Throughout this series, we have reviewed support groups like MOPS and organizations like the Early Childhood Resource Center that cater to parents from all walks of life, and programs like Help Me Grow when children experience delays or difficulties.
Support groups for families facing mental and emotional health challenges that come with struggles like divorce and bereavement can be found through individual counseling offices and agencies throughout the area.
But where can you find support when your child is diagnosed with an illness or a disability?
Akronites are lucky to have a world-class children’s hospital right in their own backyard that offers an array of groups and services to parents of children who have a diagnosis.
On that page, you can find everything from a group called Sibshop(r) that is a structured group program for siblings of a child with a disability to the NEOMED buddy group that matches a first-year medical student from NEOMED with a child who is coping with cancer or a blood disorder.
According to the website, “The students offer friendship and support to the children as they gain insight into how a life-threatening illness impacts patients and their families.”
Unfortunately, children and first-year medical students interested in that specific program will have to wait until there are significant changes in the COVID-19 pandemic situation.
Akron Children’s Hospital has a page for canceled programs, where families can check to see if the program they are interested in is still available. Given the number of programs offered, it’s surprising how few are on the cancellation list.
Most programs on the list appear to be programs in which the child’s specific health issue makes the child more susceptible to COVID-19.
Akron Children’s Hospital offers a number of support groups that can all be found on the Family Supports webpage. Each group is specifically tailored to the families of children with a specific diagnosis such as diabetes mellitus, celiac disease, cystic fibrosis or cancer.
Another notable group on the page is the Precious Parents group. The Precious Parents group is for parents who have experienced infant or pregnancy loss.
Akron Children’s Hospital also offers several groups for parents and children coping with grief or bereavement. A complete list of their support groups can be found here.
The Parent Mentor Program
In addition to the above opportunities for support, there is a unique program at Akron Children’s Hospital that connects parents of children struggling with a diagnosis to parents who have experience with a similar health challenge: The Parent Mentor Program.
The Parent Mentor Program was founded in the early 90s by a mother who lost her daughter to a four-year battle with leukemia. Throughout her stay in the hospital, she felt as if she could have benefitted from the support of another parent who had gone through a similar situation. She contacted then hospital president Bill Considine to express her concerns. They worked together to develop the parent mentor program.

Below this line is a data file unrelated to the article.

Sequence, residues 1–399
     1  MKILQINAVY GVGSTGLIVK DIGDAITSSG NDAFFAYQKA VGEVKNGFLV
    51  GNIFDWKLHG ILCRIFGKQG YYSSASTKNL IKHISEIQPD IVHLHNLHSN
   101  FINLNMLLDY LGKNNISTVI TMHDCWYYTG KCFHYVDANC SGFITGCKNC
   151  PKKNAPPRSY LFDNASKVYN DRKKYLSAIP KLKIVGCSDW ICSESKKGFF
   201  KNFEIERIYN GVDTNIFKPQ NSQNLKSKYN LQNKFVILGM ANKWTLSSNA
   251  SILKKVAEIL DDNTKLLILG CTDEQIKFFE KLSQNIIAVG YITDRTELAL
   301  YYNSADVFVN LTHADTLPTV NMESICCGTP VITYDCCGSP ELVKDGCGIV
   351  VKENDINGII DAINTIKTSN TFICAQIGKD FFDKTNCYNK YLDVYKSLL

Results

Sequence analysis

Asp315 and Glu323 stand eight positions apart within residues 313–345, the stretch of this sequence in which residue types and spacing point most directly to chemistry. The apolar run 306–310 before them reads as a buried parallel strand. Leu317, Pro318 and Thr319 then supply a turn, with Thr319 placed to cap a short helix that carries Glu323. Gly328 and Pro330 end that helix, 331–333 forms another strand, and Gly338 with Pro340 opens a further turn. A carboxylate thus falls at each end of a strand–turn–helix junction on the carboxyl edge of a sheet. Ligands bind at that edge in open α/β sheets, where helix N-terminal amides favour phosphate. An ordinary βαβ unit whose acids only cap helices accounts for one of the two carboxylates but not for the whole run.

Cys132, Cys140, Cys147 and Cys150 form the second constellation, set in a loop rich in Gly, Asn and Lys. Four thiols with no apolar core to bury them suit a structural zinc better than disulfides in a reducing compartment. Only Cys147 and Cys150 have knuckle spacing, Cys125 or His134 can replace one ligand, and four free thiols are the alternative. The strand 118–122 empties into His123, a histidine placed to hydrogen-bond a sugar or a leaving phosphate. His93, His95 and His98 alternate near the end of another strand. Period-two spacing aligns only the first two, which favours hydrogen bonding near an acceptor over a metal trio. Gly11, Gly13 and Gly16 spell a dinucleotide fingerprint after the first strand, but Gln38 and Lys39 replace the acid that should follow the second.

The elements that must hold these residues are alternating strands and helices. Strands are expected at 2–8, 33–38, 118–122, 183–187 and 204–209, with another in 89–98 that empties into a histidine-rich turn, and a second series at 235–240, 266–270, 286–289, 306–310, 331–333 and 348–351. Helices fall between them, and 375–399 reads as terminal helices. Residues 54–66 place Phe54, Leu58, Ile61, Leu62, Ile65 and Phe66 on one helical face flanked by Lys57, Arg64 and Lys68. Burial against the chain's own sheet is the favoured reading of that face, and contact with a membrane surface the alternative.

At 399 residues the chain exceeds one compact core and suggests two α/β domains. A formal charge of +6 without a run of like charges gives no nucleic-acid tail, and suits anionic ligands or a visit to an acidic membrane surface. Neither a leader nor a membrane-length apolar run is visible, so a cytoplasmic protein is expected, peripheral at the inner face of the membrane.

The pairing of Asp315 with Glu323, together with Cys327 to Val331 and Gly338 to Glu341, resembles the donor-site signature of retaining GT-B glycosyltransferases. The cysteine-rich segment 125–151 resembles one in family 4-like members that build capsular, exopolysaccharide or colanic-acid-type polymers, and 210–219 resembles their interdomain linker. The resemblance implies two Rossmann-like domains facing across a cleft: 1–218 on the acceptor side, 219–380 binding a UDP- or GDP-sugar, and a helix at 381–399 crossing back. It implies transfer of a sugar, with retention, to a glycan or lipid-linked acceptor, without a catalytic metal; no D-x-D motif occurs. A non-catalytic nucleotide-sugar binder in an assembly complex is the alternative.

“My daughter was born with a heart defect, and when I tried to open up and mention my fears as to whether or not my child would make it, other parents would be shocked,” said Kristin Hafford, parent advisor coordinator at Akron Children’s Hospital. “Sometimes you can feel very alone, so there’s so much empowerment that comes from talking to a mentor who can relate to you and share your experience.”
Hafford works to connect families with a diagnosis to trained parent mentors who have volunteered to share their knowledge and advocacy experience.
“We don’t have a mentor for every diagnosis,” she said, but the program is able to match families with mentors who have related diagnoses or experiences. The list of diagnoses on the website is long and comprehensive.
When parents visit the Parent Mentoring website, they can search a database of parent mentors by selecting their child’s diagnosis. While some parents may ultimately contact Hafford for help matching, it’s amazing to be able to read parent stories and see profiles of prospective mentors on the site.
“The relationship between the mentor and the family could last several months, or could develop into a lifetime friendship,” Hafford said. “We leave it up to the mentor and family to develop their relationship.”
The Akron Children’s Hospital Parent Mentor Program has grown since its beginning. As one of the first such programs in the United States, it has become a model for other similar programs around the country, and Hafford has been able to help other hospitals develop their own programs.
From support groups to a groundbreaking parent mentor program, parents in Akron who need support with their child’s health have an incredible resource in the Akron Children’s Hospital.
Parents of children with a medical diagnosis who are interested in learning more or connecting with a mentor can visit the Parent Mentor Program website.
Julie is a mother of three and Professor of Practice at The University of Akron. Her hobbies include singing in the Cleveland Orchestra Chorus, Instagramming her kids and sleeping standing up.